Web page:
By Kiana Wilburg
Years of reviewing reports on the nation’s audited accounts and noting some of the country’s biggest multi-million-dollar developmental projects being ever so often marred by or suspended due to corrupt activities have led popular local economist, Dr. Clive Thomas, to the firm conviction that 60 percent of the economy is run by a financial underworld.
The retired professor made this statement at a symposium held at the National Library just a few weeks ago, which was centred on the prorogation of the parliament and its rippling effects on the nation.
In an extended interview on his conclusion on Guyana’s economy, Dr. Thomas explained that his statement is supported by many irrefutable pieces of evidence.
“We have a flawed development model, one in which the main emphasis seems to be on selling the country’s primary resources to the highest bidder. But that is not going to generate employment, advance technologies, or advance our position in the global competitiveness chain, because it is fixed and located in basically the extraction of the natural resources which has a severe and humongous environmental cost…60 percent of the economy is run by the underworld.”
The economist was then asked what makes up that underworld and/or what drives it.
“The phantom economy is what I call it. It is being driven by three forces – tax evasion, evasion of regulatory oversight in terms of those agencies like the gold board, for example, and it is also driven by criminal forms who thrive on businesses that seek to generate gains for themselves in terms of theft from certain activities. The Minister of Finance, Dr. Ashni Singh is part of this phantom economy, as well as Winston Brassington. Additionally, I would rate Ashni’s performance for this year as very poor because he is at the centre of all the financial lawlessness that we have been talking about and his ministry is the biggest single agency responsible for the financial lawlessness, abuses and irregularities that we have.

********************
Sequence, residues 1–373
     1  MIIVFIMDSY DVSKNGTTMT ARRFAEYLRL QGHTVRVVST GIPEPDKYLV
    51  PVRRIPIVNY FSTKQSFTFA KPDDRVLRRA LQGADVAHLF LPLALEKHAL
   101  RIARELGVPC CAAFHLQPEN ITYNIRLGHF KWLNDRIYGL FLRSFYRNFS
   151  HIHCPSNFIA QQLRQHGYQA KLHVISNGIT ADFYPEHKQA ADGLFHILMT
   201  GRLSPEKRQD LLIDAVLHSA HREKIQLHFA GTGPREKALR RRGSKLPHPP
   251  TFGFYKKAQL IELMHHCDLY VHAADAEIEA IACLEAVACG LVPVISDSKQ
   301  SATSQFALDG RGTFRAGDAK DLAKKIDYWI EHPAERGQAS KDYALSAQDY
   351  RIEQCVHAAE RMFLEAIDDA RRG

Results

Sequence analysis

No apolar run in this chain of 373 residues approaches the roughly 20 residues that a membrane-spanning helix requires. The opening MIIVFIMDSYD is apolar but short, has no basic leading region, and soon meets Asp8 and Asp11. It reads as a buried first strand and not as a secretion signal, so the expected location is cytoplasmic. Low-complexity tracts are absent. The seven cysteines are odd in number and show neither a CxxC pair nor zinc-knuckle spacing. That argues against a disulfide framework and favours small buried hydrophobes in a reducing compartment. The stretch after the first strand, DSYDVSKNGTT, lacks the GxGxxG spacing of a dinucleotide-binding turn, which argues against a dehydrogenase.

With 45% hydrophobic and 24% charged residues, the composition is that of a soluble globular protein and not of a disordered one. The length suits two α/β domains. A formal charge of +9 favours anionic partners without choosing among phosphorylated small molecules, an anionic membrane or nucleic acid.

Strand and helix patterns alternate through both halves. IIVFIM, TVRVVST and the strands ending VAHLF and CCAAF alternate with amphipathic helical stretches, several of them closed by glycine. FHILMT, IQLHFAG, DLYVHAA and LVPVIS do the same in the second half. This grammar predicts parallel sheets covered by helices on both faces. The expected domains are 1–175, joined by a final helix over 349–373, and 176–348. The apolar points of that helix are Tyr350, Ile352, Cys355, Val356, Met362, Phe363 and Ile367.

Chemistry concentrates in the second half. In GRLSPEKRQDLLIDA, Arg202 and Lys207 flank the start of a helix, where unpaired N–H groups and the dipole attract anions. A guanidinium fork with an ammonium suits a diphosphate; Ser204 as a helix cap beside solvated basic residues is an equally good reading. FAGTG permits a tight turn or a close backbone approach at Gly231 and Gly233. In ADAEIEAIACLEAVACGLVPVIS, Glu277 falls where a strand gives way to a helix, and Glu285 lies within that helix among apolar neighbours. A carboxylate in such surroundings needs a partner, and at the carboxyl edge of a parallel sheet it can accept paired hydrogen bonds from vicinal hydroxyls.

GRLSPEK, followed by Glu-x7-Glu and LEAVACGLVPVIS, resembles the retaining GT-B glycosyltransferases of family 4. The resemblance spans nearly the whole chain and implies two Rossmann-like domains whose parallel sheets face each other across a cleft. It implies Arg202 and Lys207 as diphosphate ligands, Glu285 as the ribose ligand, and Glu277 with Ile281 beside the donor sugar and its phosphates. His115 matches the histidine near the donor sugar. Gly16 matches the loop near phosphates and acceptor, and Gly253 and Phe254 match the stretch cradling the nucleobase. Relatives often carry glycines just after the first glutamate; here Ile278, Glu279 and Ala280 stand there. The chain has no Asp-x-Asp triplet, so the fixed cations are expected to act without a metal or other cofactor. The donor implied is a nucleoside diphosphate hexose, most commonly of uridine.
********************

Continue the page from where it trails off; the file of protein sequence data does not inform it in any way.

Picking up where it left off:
“As for role of former President Bharrat Jagdeo in this, I don’t know enough about Jagdeo’s position in the hierarchy, but I know the PPP is part of a cabal of persons of not only politicians but criminal networks seeking to evade taxes and evade the normal legal processes of the state so as to generate profits for themselves,” Dr. Thomas categorically stated.
A Partnership for National Unity (APNU)’s Shadow Minister of Finance, Carl Greenidge implicitly agreed with Dr. Thomas’ viewpoint.
He added that the parallel economy or phantom economy consists of those economic activities which take place outside of the enumerated or official economy. The former finance minister said that it is the result of hiding transactions in order to avoid leaving formal evidence of the transactions, Government disregarding regulations, abusing taxpayers’ dollars and avoiding prosecution.
The politician said that some part of the parallel economy is the result of criminal activities such as theft/corruption, murder, smuggling and drug trafficking.
Greenidge opined that it started with the smuggling of rice, fish and other commodities in order to get better prices than received locally or to get control of foreign exchange which resulted from exporting.